More in line with the SRIs findings for the CAG, recently, the National Institute of Educational Planning and Administration (NIEPA) come out with data on elementary education. The study reported that the percentage of out of school children on account of their having dropped out was higher (54.9 per cent) as compared to those who had never attended the school (45.1 per cent). The main reasons attributed to children not liking to go to school were the teacher beating up students, activities in the school being very boring and not being able to cope with the happenings in school.
As per data published by NIEPA, over the years since 1960-61, the dropout rates at three levels (primary, elementary and secondary) have come down. However, the dropout rates still remain unduly high. In 2003-'04, out of 100 children enrolled in class 1, almost 63 turned out to be invisible from mainstream school system. Only 37 students could reach class X.
Many of the CAG's findings suggest the flawed nature of centrally assisted programme implemented with top down approach that leaves too much to be desired.
In two districts of Jharkhand, school grant of Rs.47.88 lakh was released to 2369 schools, which were non-existent (i.e. existed nowhere but on paper). No education surveys had been carried out during 2001-2005. There were specific directions to prepare plan for meeting the educational needs of the minorities (tribes). However, no such programme was prepared by the state.
In Gujarat, as much as Rs.4 lakh was diverted to perform a ritual of Bhumipujan (worshiping the land) of the Gujarat Council of Education Research and Training (GCERT).
Preparatory activities in Bihar such habitation level plans were never undertaken. No household surveys were conducted till September 2005.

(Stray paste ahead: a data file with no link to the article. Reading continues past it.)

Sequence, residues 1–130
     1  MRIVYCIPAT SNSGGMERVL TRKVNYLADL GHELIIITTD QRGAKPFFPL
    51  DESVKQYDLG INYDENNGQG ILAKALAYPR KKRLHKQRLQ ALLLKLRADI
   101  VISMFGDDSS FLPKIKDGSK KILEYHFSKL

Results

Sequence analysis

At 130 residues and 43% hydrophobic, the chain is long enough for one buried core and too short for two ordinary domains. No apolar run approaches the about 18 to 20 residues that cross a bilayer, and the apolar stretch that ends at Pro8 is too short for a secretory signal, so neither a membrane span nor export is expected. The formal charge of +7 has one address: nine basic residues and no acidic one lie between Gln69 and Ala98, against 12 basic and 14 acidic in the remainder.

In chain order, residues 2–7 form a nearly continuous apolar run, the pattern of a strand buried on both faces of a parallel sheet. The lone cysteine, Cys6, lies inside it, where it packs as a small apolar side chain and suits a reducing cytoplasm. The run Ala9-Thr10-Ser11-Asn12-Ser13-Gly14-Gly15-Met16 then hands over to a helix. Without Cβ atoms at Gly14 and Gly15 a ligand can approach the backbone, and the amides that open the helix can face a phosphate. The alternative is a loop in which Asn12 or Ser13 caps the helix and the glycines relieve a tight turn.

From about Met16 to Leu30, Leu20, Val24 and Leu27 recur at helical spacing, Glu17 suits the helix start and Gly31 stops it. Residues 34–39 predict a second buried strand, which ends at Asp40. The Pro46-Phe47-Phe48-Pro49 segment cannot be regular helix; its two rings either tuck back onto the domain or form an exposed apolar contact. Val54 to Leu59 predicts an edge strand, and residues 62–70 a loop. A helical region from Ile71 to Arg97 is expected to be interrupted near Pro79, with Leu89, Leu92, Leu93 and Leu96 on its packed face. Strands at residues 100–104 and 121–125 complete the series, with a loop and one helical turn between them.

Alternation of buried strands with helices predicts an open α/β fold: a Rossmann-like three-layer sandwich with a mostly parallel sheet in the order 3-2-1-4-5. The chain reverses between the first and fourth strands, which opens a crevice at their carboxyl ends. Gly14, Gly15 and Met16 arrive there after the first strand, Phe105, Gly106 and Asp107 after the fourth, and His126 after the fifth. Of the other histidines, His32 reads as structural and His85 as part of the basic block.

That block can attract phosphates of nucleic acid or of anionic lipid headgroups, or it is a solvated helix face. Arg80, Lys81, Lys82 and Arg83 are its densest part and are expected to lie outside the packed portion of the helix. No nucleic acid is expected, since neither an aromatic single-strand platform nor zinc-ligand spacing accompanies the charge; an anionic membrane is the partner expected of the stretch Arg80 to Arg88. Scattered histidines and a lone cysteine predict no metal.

Teaching Learning Equipment(TLE)/Material grant abuse
In Andhra Pradesh, 7531 colour TV sets were procured at the cost of Rs.11.21 crores for upper primary schools and high schools that had upper primary section. It was found during audit, that in 36 schools these TV sets were remaining idle, as TV sets had been supplied to even schools that had no electricity supply.
In Bihar, 247 computers in four districts were lying unutilised due to non-existence of building and non-availability of computer-trained teachers.
In Uttar Pradesh, out of 105 computers purchased in seven test checked districts, 51 were lying uninstalled for want of electricity connection. District Project Officer, Balia had retained six computers in his office instead of making them available to the concerned schools.
In Haryana, the TLE grant was utilized against the norms on the purchase of dustbins (Rs.25.31 lakhs).
Involvement of NGOs
The CAG audit did not spare NGOs either. In Andhra Pradesh, an amount of Rs.33.95 lakh was paid to M V Foundation, Secunderabad for mainstreaming of 18739 children to regular schools in East Godavari district. M V Foundation is led by Magsasay Award winner Shanta Sinha. The CAG found that only 7,375 children were found to be mainstreamed. In one case, the audit noticed that out of 141 children stated to have been mainstreamed in six schools, only 15 children were actually found to have been mainstreamed. The remaining 126 children did not exist on the rolls of the school mentioned by the NGO.
In December 2006, a report in the Mumbai Mirror quoted Shanta Sinha as saying in response to the CAG report that the Foundation only looked only at identifying out-of-school children and enrolling them. Sinha is reported to have said that the Foundation did not have follow-up support in the particular district in the manner they have been able to do in other regions.
In another case, the CAG observed that none of the 100 children stated to have been mainstreamed by Garthpuri Consumer Council, Guntur district were actually were actually found on the school records.